Around the World

Miles flown for stories
2014: 258,704
2013: 330,818

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Why Can’t Airlines Just Add Extra Room?

Why can't we make this JetBlue Airbus A320 a bit wider? Photo: David Parker Brown.

Why can’t we make this JetBlue Airbus A320 a bit wider? Photo: David Parker Brown | AirlineReporter.com

I recently saw a comment on an older AirlineReporter.com post; it referenced a bad experience with a seat being too small.  The person posed the following: “If planes were just one foot wider, seats could be as wide as first class.  Would that kill Boeing or Airbus?”

I have seen this question come up quite a bit.  Sure, for some of you, the answer to this might be pretty obvious.  However, I don’t think that the majority of passengers really understand why this seemingly-simple change of adding more room to a plane is not simple at all.  And in the end, it is not what passengers really want anyhow.

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Test Run: Alaska Airlines to Fly Q400s at Home in Alaska

Alaska Airlines Bombardier Q400 on proving flight in Juneau, Alaska - Photo: AirlineReporter.com

Alaska Airlines Bombardier Q400 on proving flight in Juneau, Alaska – Photo: AirlineReporter.com

Alaska Airlines (AS), through their wholly-owned subsidiary Horizon Air, recently announced that they would deploy some of their Bombardier Dash-8 Q400 aircraft to the State of Alaska.  While Dash-8’s have long been a fixture in Alaska Airlines’ pacific northwest network via Horizon (I was flying them within Washington as a child), this marks their first major deployment up north.

Why would AS begin flying Q400s in Alaska?  For the same reasons other carriers have moved towards regional jets and turbo props – operating costs, frequency, and flexibility.  On the operating cost side, Q400s are extremely efficient, particularly compared to the Boeing 737-400s that are a mainstay of the AS fleet in Alaska.  Bombardier estimates savings in examples like this to approach 40%.  From a frequency and flexibility standpoint, more flights on a smaller plane can meet passenger demands, maximizing load factor while increasing service frequency, to the benefit of passengers.

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Interview with an Airline Reporter

David Parker Brown touring Singapore's new Boeing 777-300ER - Photo: Bernie Leighton | AirlineReporter.com

Touring Singapore’s new Boeing 777-300ER, just last week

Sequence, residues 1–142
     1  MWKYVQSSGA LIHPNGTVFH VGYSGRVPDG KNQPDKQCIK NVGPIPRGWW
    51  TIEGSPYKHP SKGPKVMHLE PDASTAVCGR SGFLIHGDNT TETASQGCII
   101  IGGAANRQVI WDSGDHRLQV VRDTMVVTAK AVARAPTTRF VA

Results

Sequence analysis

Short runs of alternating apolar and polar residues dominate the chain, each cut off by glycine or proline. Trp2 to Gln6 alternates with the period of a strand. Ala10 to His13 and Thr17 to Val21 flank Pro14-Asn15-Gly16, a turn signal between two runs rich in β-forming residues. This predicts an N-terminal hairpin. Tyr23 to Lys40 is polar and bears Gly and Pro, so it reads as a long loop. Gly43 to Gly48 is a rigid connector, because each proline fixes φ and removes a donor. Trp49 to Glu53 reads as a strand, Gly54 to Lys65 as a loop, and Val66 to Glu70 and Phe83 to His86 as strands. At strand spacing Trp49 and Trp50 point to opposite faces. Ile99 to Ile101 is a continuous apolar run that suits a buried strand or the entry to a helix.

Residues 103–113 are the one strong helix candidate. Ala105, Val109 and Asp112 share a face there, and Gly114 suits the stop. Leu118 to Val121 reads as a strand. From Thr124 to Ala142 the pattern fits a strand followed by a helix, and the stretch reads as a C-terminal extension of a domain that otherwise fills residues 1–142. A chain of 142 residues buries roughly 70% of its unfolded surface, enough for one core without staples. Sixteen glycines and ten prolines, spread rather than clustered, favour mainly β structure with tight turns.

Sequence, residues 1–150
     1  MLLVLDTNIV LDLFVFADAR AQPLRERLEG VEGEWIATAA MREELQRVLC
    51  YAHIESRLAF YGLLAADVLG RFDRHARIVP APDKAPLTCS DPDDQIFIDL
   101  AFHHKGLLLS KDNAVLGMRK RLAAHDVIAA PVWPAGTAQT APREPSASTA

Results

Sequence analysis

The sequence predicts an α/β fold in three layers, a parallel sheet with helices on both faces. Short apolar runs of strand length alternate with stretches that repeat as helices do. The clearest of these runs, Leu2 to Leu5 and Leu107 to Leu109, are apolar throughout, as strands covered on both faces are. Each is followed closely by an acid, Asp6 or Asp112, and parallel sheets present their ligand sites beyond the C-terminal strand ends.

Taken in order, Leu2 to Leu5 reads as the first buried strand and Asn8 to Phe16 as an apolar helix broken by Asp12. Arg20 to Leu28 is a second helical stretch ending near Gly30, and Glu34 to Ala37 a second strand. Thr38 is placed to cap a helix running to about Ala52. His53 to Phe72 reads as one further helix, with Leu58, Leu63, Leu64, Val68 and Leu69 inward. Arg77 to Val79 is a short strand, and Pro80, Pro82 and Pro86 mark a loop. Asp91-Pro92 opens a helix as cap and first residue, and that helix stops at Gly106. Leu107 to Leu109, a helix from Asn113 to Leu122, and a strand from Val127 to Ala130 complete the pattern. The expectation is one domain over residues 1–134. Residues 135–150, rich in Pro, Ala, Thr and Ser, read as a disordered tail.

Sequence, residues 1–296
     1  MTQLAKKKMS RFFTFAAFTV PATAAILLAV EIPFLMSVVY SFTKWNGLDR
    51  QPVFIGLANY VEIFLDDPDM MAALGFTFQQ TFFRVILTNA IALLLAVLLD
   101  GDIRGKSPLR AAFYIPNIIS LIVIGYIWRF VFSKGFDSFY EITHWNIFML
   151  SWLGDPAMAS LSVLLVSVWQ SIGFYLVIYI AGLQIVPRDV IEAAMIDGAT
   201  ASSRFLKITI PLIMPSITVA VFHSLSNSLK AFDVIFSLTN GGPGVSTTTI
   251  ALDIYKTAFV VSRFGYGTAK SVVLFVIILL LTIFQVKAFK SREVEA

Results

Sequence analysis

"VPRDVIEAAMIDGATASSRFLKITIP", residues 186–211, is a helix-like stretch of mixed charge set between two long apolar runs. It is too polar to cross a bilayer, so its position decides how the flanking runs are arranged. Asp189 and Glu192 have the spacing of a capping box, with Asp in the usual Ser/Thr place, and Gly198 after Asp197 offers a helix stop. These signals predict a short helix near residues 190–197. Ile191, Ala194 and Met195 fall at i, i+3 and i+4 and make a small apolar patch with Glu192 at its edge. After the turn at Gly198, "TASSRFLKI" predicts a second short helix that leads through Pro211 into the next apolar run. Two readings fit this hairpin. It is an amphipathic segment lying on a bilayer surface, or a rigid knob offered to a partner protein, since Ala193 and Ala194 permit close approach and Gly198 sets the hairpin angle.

Given the success and growth of AirlineReporter.com, I thought it would be both fun and informative to check in with David Parker Brown (@ARdpb), Editor-in-Chief and Founder of the site.

It is possible that many of you have found AirlineReporter.com recently and discovered more AvGeek goodness than you could possibly imagine.  Some of you have been reading and commenting for years.  A small group of early adopters have been reading since the early days.  Undeniably, AirlineReporter.com has grown by leaps and bounds over the years, and it’s all because of amazing readers, dedicated writers, and a unique focus on airlines, airplanes, travel, and the interesting parts of the industry.

I don’t remember exactly at what point I found AirlineReporter.com, but it was in the early days.  I remember taking the time to go back and read all the archived posts, fascinated that someone was writing stories about topics I was so interested in.  Once I commented on a post, David realized he and I had a connection – we had mutual friends in college and lived in the same residence hall for two years.  After my 77-hour trip to Singapore experience, I started writing and editing for the site; most of my work is done behind-the-scenes to help our team bring you excellent content, and help David formulate and refine story ideas.  I pitched him the idea of this story, and he (reluctantly) agreed! Here is our interview…

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Why Iceland is Not Just a Stopover, But a Destination – PART 2

The summer’s ever-persistent sun over the Perlan (the Perl), a hot water storage facility turned museum and mall

The summer’s ever-persistent sun over the Perlan (the Perl), a hot water storage facility turned museum and mall

This is a continued story about AirlineReporter.com visiting Iceland, via Icelandair. Be sure you first check out: Review: Traveling from Seattle to Keflavík on an Icelandair Boeing 757 & Why Iceland is Not Just a Stopover, But a Destination – PART 1.

We spent the next day touring the Golden Circle, which took us about 185mi up into central Iceland and back.   The first stop was Gullfoss (the Golden Fall).  Walking down the path through misty spray reveals the breathtaking two-stage falls.  Unlike falls in the US, there’s nothing but a little rope keeping onlookers from wandering too close to the edge. It felt a little dangerous and I liked it!

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Touring Denver International Airport: Preparing for the Future

South Terminal Construction at Denver International Airport - Photo: Blaine Nickeson | AirlineReporter.com

South Terminal construction at Denver International Airport – Photo: Blaine Nickeson | AirlineReporter.com

Recently, I had the opportunity to meet with staff at “my” airport, Denver International Airport (known amongst flyers as DEN, but locally as “DIA”).  DIA is the 5th-busiest airport in the US, and 13th-busiest in the world.  During the few hours I spent with them, I got an up close and personal view of the massive expansion project in progress; the largest construction project at the airport since DIA was originally built 20+ years ago.

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